Space

Submission + - Future Sun may disrupt spacecraft and satellites (bbc.co.uk)

dtjohnson writes: A study published today predicts that solar storms are going to become increasingly disruptive to satellites and communications in the coming decades as the sun cycles towards a minimum of activity. "The work, published in Geophysical Research Letters, predicts that once the Sun shifts toward an era of lower solar activity, more hazardous radiation will reach Earth. The team says the Sun is currently at a grand solar maximum. This phase began in the 1920s — and has lasted throughout the space age....The evidence seems to indicate that although there are fewer solar storms once the Sun leaves its grand maximum, they are more powerful, faster and therefore carry more particles."
Space

Submission + - Construction Underway at World's First Spaceport (foxnews.com)

Velcroman1 writes: In the deserts of the western United States, space tourism is becoming a reality as construction progresses on Spaceport America — the world's first purpose-built commercial space travel facility, 45 miles north of Las Cruces, N.M. Today, concrete and rebar litter the ground here as crews build walls and windows, roads and runways. They've been toiling for a year and a half and will continue until 2013, when a glowing, round disk standing testimony to the future will be unveiled in the desert — at least according to artists' imaginations of the facility. Right now it looks like any old construction site, with men in hard hats and prosaic dump trucks carting rubble in and out. In 2013, things will be different.

“You’ll experience weightlessness, they’ll actually go near space so you’ll see the curvature of the Earth,” said Chris Anderson, executive director of the New Mexico Spaceport Authority.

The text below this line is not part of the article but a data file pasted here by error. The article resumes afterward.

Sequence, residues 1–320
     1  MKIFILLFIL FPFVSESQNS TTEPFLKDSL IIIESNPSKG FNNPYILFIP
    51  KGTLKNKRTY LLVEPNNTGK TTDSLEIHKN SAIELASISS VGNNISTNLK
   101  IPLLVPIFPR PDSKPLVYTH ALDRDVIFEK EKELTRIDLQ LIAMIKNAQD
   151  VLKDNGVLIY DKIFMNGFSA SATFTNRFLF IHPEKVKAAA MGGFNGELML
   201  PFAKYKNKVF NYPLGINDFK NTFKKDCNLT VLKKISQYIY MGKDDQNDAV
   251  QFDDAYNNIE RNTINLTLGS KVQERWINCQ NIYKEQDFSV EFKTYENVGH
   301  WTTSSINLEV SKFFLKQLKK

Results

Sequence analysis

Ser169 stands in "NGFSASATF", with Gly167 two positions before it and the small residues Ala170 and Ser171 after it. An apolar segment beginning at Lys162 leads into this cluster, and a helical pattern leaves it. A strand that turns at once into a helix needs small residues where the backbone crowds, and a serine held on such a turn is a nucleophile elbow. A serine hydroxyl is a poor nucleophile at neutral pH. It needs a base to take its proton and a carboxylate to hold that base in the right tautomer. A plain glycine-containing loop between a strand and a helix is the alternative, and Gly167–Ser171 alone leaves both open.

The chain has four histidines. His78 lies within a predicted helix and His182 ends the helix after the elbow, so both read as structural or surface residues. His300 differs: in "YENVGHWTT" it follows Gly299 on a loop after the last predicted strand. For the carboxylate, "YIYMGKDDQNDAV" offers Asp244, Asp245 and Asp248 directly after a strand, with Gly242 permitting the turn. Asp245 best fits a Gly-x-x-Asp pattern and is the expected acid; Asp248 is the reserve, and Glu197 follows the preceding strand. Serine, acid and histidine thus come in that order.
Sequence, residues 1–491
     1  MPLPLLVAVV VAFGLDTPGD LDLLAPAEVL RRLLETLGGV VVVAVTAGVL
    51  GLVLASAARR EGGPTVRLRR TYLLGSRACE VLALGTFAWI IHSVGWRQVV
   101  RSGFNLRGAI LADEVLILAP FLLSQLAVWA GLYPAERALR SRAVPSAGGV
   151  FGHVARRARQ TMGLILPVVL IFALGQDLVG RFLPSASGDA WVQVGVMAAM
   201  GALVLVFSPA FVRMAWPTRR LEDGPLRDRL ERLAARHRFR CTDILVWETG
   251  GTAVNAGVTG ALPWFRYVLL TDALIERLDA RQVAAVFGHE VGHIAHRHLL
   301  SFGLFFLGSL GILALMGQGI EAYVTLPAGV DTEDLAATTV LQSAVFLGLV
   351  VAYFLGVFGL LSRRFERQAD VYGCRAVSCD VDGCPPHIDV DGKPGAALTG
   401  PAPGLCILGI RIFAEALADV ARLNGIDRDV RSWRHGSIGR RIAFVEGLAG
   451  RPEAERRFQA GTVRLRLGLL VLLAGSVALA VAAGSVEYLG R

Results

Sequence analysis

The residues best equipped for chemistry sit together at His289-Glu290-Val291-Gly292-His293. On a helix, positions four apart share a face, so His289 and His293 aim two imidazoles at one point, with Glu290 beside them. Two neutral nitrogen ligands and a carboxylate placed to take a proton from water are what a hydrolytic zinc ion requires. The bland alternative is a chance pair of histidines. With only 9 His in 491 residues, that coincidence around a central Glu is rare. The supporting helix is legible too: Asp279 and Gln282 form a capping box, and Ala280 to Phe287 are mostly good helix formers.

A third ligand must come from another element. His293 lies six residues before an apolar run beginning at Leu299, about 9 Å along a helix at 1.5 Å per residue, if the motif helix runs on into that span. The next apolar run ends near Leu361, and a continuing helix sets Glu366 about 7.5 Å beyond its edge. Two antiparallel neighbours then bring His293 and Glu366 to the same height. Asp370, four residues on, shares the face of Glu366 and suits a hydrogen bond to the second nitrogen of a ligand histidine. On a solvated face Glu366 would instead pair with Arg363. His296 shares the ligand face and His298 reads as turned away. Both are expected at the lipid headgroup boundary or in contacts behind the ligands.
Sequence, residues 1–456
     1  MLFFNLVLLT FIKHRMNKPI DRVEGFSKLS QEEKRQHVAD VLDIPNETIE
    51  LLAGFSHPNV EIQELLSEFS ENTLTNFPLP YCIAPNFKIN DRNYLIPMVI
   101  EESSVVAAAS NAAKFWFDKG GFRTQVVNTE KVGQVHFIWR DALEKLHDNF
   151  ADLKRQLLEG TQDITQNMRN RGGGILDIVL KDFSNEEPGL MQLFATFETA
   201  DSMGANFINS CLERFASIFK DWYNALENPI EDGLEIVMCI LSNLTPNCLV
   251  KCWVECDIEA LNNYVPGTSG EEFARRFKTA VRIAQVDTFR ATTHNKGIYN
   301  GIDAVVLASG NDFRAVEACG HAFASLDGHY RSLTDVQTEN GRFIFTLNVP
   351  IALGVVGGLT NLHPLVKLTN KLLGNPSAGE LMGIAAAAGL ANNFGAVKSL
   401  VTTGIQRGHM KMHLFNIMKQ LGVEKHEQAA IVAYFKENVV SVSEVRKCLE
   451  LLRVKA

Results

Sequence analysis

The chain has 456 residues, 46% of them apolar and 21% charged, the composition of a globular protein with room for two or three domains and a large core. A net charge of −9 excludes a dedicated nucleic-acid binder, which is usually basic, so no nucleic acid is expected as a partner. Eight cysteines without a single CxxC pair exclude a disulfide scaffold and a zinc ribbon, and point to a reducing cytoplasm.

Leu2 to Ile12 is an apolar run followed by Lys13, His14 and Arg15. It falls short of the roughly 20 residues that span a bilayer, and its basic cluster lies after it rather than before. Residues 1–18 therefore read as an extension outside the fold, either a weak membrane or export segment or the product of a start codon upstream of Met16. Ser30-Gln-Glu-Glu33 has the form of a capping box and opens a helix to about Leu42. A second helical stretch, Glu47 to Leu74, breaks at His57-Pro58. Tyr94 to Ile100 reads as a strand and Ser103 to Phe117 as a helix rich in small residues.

Submission + - Fusion power in four years? (generalfusion.com)

50000BTU_barbecue writes: A few years ago I researched fusion as a practical energy source in the foreseeable future for a school paper. I thought I had been quite thorough in finding and describing all the contenders starting with the usual suspects like Tokamaks and Polywell, etc. My conclusion, based on my skepticism was that, at best, real practical fusion energy was half a century away and would likely be just another energy source and not a panacea. Things like peak helium and the need for superconducting magnets really stood out as a problem. Somehow, the folks at General Fusion escaped my attention at the time.

They are proposing a "solid based" system of fusion using a large spherical reaction chamber filled with molten lead and lithium and then using acoustic shock waves to compress the core where all the good stuff will happen. I'm looking for insights and comments from /.ers in the know about the project. Is this viable? Can it produce power? If so, this is a huge deal.

Comment Re:Sunday, of course (Score 5, Informative) 510

If you read in Romans, Paul strongly advocates against this kind of thinking. The Law (10 Commandments) are provided to point out what is right and wrong. The new covenant with Christians is that God's laws will be written in our hearts and minds, not on stone (Hebrews 8:10). The laws themselves haven't changed.